Drone crashes into SWAT team tank during police test near Houston
(Conroe, Montgomery County) – A drone has crashed during a police test flight near Houston, adding to growing safety concerns as more police departments take flight with the unmanned aircraft.
The Montgomery County Sheriff’s Office north of Houston became one of the first police departments in the country to begin flying Unmanned Aerial Vehicles (UAV) for police missions in October 2011.
County officials and the maker of that drone confirmed on Friday that a recent police-only photo mission went terribly wrong.
As the sheriff’s SWAT team suited up with lots of firepower and their armored vehicle known as the “Bearcat,” a prototype drone from Vanguard Defense Industries took off for pictures of all the police action. It was basically a photo opportunity, according to those in attendance.
Vanguard CEO Michael Buscher said his company’s prototype drone was flying about 18-feet off the ground when it lost contact with the controller’s console on the ground. It’s designed to go into an auto shutdown mode, according to Buscher, but when it was coming down the drone crashed into the SWAT team’s armored vehicle.
The damage was not severe, according to Buscher, who described only some ‘blade strikes’ on the prototype drone that was being shown off to the Montgomery County Sheriff’s team.
No word on what caused the drone to lose contact with the ground console.
It’s the exact scenario that was mentioned as a major concern when the Government Accountability Office studied the growing use of police drones in 2008.
Ever since Houston Police were exposed in November 2007 on a secret test of drones for law enforcement, dozens of police agencies have applied for drones to be used on patrols throughout the country.
Couple that with recent approval for private sector use of drones and pilots and government watchdogs have plenty of concerns.
In the 2008 GAO study, Gerald Dillingham, Director of Civil Aviation for GAO said,
“The concern is that you could lose control of that aircraft and it could crash into something on the ground or, in fact, it could crash into another air vehicle.”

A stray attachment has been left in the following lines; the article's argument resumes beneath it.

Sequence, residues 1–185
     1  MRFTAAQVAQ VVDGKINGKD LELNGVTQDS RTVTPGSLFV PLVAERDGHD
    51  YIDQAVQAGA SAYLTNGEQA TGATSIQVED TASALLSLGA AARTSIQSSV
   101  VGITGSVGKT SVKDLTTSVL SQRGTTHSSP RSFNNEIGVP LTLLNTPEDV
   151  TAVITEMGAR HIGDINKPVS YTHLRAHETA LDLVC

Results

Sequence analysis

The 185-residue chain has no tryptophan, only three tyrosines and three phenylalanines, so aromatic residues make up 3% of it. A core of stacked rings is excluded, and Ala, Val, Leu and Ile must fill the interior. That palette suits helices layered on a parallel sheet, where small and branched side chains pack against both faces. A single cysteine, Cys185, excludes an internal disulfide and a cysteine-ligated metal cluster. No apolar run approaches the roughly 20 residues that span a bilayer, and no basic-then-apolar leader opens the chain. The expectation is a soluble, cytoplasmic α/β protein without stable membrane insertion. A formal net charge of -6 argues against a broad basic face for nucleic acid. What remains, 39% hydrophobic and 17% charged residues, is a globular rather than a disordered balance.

The GAO study found that 65% of drone crashes were caused by mechanical failures. The study analyzed Pentagon and NASA data on 199 crashes of drones on battlefields.
Before this Montgomery County crash, the only crash of a law enforcement drone was recorded in 2006 in Nogales, Arizona. The Customs & Border Protection flight crashed in the desert due to the same “lost link” scenario that sent the Montgomery County unit crashing into its SWAT team tank.
When the link between the drone and the control console on the ground is lost, all drones are designed to steady up and glide to a landing. In some cases, the drones already have a location programmed in for landing in the event of a problem. In others, there is no such pre-determined landing zone.
Dillingham said that’s another dangerous problem with drones in urban areas. He said,
“If you’re onboard the aircraft, you can tell that you’re in turbulence and you can maneuver to get the plane or the aircraft out of the turbulence. But if you’re using a UAV and there are no sensors aboard, you don’t really know that and, again, if you lose that communication link as a result of that turbulence or for any other reason, then you have an aircraft that is not in control and can, in fact, crash into something on the ground or another aircraft.”
The 73-page GAO study found 17-percent of the crashes studied were blamed on operator error and 12-percent were listed as unknown causes.
Montgomery County Sheriff Tommy Gage could not be reached for comment, nor could his chief deputy in charge of his drone program.
Buscher said his prototype aircraft veered to the right when it lost communication with the groun unit, and he said it merely overshot its landing area a bit when the auto shutdown procedure kicked in.
The drone that actually belongs to the Montgomery County Sheriff, which was unveiled in October 2011, was sitting nearby and was not damaged in the crash.
Buscher said the drone that crashed was a different model from the ShadowHawk that was purchased for Montgomery County Sheriff’s use in law enforcement. That unit cost $300,000 and the sheriff said Department of Homeland Security grant money was used.
When Montgomery County unveiled its drone to the public, the sheriff and his staff boasted that it would help the SWAT team for any hostage standoff or other tense scene. Some members of the sheriff’s department SWAT team had already expressed reservations about whether they really need a drone when their riles are aimed for real.
Given how this first mission with their SWAT team ended, those skeptical deputies are unlikely to be converted into believers.